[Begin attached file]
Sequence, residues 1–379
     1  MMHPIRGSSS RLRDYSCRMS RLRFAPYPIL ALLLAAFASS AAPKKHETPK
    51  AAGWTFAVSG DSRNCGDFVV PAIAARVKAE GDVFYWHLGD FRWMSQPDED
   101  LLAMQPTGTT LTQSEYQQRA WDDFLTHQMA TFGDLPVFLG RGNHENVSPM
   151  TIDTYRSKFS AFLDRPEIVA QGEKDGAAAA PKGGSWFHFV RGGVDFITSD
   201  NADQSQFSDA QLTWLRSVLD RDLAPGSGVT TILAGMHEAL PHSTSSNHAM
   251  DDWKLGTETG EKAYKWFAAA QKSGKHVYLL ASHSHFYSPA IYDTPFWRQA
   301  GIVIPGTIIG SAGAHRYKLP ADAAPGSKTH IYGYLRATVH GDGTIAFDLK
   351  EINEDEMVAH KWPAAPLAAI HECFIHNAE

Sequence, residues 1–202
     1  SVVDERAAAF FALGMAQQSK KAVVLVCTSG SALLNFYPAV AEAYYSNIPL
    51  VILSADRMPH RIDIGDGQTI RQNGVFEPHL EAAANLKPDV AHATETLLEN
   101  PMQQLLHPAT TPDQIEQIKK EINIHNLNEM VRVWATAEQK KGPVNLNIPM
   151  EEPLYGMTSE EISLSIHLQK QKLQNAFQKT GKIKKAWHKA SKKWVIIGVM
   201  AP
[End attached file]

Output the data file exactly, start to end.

Sequence, residues 1–379
     1  MMHPIRGSSS RLRDYSCRMS RLRFAPYPIL ALLLAAFASS AAPKKHETPK
    51  AAGWTFAVSG DSRNCGDFVV PAIAARVKAE GDVFYWHLGD FRWMSQPDED
   101  LLAMQPTGTT LTQSEYQQRA WDDFLTHQMA TFGDLPVFLG RGNHENVSPM
   151  TIDTYRSKFS AFLDRPEIVA QGEKDGAAAA PKGGSWFHFV RGGVDFITSD
   201  NADQSQFSDA QLTWLRSVLD RDLAPGSGVT TILAGMHEAL PHSTSSNHAM
   251  DDWKLGTETG EKAYKWFAAA QKSGKHVYLL ASHSHFYSPA IYDTPFWRQA
   301  GIVIPGTIIG SAGAHRYKLP ADAAPGSKTH IYGYLRATVH GDGTIAFDLK
   351  EINEDEMVAH KWPAAPLAAI HECFIHNAE

Sequence, residues 1–202
     1  SVVDERAAAF FALGMAQQSK KAVVLVCTSG SALLNFYPAV AEAYYSNIPL
    51  VILSADRMPH RIDIGDGQTI RQNGVFEPHL EAAANLKPDV AHATETLLEN
   101  PMQQLLHPAT TPDQIEQIKK EINIHNLNEM VRVWATAEQK KGPVNLNIPM
   151  EEPLYGMTSE EISLSIHLQK QKLQNAFQKT GKIKKAWHKA SKKWVIIGVM
   201  AP